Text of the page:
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Am J Med Genet B Neuropsychiatr Genet. 2017 Apr 13. doi: 10.1002/ajmg.b.32543. [Epub ahead of print]

Vitamin D-related genes are subjected to significant de novo mutation burdens in autism spectrum disorder.

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The State Key Laboratory of Medical Genetics, School of Life Sciences, Central South University, Changsha, China.
Institute of Genomic Medicine, Wenzhou Medical University, Wenzhou, China.
Beijing Institutes of Life Science, Chinese Academy of Sciences, Beijing, China.
Key Laboratory of Medical Information Research, Central South University, Changsha, China.


Vitamin D deficiency is a putative environmental risk factor for autism spectrum disorder (ASD). Besides, de novo mutations (DNMs) play essential roles in ASD. However, it remains unclear whether vitamin D-related genes (VDRGs) carry a strong DNM burden. For the 943 reported VDRGs, we analyzed publicly-available DNMs from 4,327 ASD probands and 3,191 controls. We identified 126 and 44 loss-of-function or deleterious missense mutations in the probands and the controls, respectively, representing a significantly higher DNM burden (p = 1.06 × 10-5 ; odds ratio = 2.11). Specifically, 18 of the VDRGs were found to harbor recurrent functional DNMs in the probands, compared with only one in the controls. In addition, we found that 108 VDRGs with functional DNMs in the probands were significantly more likely to exhibit haploinsufficiency and genic intolerance (p < 0.0078). These VDRGs were also significantly interconnected and co-expressed, and also with other known ASD-risk genes (p < 0.0014), thereby forming a functional network enriched in chromatin modification, transcriptional regulation, and neuronal function. We provide straightforward genetic evidences for the first time that VDRGs with a strong degree of DNM burden in ASD and DNMs of VDRGs could be involved in the mechanism underlying in ASD pathogenesis.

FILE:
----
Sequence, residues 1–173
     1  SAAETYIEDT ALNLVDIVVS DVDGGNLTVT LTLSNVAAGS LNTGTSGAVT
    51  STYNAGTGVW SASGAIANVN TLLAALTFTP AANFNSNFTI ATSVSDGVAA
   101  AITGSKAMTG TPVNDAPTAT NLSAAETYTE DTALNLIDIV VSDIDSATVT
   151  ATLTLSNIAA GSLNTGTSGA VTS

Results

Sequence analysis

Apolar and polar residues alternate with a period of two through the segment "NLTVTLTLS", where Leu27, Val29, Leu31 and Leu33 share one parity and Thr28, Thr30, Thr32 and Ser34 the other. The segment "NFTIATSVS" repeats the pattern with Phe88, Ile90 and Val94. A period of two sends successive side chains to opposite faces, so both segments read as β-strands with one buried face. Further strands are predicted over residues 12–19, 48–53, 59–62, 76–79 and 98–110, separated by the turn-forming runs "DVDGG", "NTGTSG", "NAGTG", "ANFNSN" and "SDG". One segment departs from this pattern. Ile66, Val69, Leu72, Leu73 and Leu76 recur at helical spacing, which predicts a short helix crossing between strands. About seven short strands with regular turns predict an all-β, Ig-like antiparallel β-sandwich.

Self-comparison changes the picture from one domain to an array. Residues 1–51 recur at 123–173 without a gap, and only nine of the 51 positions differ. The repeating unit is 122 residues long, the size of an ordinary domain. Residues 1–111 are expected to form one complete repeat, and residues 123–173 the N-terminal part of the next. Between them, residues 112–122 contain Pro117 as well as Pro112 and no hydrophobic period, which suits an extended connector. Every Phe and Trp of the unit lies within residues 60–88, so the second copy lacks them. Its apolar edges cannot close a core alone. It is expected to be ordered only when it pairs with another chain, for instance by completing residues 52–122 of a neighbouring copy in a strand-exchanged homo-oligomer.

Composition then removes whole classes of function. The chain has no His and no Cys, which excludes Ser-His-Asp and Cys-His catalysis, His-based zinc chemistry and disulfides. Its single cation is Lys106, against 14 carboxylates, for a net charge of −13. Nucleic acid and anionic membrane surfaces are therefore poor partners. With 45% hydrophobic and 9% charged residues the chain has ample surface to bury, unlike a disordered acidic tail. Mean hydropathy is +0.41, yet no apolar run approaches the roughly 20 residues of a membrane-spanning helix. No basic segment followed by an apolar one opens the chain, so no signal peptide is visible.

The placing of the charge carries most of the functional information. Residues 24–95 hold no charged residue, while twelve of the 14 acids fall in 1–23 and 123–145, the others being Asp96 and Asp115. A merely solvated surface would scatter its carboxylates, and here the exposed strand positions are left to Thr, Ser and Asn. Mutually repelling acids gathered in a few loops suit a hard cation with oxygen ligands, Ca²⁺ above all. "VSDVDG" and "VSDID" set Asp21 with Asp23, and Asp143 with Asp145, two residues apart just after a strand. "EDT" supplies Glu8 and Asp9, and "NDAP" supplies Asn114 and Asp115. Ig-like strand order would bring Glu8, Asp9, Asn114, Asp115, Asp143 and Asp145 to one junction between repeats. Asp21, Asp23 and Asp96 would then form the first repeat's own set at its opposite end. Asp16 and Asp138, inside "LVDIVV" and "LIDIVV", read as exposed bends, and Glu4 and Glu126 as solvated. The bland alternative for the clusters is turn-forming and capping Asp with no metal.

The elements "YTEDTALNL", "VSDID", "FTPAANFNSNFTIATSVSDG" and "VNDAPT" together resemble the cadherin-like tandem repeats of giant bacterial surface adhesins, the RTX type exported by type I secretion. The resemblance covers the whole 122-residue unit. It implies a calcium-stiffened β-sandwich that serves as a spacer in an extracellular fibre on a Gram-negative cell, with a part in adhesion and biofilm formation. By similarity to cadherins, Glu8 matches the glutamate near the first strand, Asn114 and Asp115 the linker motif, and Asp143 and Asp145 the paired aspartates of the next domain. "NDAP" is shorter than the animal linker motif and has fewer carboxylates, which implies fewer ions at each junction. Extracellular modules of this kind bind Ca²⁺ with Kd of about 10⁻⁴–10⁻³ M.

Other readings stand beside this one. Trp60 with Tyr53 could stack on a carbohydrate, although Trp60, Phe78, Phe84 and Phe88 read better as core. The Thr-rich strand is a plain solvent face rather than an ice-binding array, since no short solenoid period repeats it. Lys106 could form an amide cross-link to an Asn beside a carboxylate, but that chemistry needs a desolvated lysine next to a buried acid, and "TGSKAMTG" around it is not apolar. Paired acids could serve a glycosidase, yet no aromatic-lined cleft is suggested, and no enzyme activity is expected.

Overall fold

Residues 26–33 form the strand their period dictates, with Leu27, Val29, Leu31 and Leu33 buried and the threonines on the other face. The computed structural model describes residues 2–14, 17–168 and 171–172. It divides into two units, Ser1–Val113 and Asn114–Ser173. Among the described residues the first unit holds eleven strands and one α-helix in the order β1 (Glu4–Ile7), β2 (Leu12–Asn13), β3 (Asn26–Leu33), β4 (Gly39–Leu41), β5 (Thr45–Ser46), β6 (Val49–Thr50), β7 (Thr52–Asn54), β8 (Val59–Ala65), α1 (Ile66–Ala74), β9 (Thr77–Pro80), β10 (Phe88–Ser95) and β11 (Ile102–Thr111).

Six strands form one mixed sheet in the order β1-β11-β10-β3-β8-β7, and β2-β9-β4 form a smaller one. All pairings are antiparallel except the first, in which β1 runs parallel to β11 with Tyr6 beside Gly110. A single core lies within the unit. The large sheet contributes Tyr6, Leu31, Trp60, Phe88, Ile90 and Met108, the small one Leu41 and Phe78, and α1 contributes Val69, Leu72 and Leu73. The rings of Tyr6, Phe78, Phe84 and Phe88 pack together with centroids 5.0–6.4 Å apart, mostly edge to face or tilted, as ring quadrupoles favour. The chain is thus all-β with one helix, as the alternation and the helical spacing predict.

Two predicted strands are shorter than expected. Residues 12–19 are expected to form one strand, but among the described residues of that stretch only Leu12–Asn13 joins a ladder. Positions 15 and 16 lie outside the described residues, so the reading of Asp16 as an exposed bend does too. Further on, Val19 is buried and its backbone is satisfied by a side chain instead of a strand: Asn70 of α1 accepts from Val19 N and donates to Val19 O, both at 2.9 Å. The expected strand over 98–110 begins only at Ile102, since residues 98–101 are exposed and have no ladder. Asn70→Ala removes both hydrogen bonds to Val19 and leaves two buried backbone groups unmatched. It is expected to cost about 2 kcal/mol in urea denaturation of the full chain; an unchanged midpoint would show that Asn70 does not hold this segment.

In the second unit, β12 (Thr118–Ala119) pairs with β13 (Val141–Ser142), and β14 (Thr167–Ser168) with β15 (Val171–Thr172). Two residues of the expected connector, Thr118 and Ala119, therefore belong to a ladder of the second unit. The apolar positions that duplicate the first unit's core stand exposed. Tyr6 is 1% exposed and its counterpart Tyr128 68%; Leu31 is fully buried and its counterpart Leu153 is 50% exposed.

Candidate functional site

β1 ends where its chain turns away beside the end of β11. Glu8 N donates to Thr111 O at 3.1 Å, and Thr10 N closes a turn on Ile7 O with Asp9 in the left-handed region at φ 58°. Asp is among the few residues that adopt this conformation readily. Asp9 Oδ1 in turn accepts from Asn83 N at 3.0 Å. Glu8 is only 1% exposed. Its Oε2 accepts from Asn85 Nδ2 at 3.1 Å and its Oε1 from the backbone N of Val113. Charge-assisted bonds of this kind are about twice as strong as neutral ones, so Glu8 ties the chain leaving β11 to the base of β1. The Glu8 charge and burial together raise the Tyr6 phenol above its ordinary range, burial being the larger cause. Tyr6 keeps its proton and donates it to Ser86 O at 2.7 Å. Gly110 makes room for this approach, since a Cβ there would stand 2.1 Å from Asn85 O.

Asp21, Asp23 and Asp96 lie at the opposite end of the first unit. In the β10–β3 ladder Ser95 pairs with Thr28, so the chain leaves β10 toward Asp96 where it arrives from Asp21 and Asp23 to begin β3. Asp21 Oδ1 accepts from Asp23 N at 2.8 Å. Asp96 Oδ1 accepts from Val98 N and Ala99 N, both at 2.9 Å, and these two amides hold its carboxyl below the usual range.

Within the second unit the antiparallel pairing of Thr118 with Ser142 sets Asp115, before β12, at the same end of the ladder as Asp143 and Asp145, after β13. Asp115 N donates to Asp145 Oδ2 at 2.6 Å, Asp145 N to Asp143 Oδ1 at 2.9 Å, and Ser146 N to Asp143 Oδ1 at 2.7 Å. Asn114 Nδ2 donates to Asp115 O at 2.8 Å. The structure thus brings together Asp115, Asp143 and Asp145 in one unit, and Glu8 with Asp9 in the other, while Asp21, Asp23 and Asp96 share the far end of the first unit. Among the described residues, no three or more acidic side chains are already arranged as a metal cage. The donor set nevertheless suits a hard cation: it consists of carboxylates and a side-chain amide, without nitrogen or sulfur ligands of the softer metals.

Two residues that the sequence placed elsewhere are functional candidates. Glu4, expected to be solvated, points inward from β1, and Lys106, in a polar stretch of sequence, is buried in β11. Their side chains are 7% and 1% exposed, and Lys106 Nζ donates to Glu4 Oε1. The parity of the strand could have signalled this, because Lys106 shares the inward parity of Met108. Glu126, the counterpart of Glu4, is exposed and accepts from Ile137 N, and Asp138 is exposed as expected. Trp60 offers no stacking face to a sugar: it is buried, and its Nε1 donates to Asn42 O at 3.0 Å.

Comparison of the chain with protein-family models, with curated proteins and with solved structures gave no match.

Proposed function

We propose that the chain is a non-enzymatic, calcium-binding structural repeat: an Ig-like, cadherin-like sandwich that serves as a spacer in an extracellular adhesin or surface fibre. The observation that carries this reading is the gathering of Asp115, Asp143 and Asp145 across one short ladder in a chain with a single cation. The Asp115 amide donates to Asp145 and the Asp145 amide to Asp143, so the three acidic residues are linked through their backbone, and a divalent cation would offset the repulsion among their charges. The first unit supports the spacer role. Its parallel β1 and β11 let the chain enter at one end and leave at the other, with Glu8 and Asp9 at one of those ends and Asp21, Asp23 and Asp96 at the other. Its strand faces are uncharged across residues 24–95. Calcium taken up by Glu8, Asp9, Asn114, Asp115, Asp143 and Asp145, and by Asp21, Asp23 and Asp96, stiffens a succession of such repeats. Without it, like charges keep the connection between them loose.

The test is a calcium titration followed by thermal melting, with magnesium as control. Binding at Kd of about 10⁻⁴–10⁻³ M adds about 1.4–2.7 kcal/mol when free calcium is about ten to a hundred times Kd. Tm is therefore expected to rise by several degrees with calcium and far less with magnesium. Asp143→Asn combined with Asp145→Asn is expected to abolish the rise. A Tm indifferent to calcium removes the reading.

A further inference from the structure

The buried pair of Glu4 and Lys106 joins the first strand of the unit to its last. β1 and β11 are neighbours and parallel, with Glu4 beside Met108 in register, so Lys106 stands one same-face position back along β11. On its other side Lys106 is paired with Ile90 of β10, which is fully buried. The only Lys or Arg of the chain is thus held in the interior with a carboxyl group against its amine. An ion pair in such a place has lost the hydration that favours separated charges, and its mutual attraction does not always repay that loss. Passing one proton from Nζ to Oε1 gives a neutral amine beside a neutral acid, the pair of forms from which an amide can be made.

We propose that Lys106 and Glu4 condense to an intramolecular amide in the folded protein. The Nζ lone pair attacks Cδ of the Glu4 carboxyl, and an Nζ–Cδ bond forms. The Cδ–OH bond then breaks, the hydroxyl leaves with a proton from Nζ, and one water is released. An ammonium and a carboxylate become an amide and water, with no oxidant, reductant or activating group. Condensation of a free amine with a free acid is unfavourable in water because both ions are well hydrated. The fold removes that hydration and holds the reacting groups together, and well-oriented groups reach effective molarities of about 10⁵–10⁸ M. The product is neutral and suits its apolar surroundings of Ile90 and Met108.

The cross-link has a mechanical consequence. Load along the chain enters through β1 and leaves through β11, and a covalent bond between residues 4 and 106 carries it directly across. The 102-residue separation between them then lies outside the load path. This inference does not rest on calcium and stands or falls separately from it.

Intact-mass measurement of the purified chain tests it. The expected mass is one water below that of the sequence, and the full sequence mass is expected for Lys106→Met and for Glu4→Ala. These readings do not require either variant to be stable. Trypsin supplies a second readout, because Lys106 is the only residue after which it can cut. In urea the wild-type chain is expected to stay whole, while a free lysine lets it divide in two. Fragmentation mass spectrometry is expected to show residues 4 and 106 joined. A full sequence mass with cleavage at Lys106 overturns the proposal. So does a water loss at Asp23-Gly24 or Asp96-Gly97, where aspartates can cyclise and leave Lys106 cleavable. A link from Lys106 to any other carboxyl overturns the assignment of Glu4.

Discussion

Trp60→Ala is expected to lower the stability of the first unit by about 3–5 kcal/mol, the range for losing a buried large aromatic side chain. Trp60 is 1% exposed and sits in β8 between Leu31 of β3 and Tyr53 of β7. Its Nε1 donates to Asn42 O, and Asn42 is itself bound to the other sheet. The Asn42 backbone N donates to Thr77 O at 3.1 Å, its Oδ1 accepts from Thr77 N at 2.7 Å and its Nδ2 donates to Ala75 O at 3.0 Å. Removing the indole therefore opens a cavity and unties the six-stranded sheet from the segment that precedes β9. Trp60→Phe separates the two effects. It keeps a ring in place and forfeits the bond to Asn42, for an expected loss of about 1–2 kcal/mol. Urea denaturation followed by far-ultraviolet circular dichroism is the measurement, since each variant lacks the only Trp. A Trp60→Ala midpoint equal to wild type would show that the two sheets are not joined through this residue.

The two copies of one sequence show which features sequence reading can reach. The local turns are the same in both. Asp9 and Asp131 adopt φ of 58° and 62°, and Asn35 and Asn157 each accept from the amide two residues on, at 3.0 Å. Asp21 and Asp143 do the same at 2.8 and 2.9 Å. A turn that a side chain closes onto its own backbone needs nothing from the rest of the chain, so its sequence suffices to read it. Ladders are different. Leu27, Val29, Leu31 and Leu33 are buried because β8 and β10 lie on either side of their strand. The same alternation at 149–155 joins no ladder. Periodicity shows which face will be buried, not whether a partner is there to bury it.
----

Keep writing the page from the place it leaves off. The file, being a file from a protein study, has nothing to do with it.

autism; de novo mutation; functional network; vitamin D-related gene


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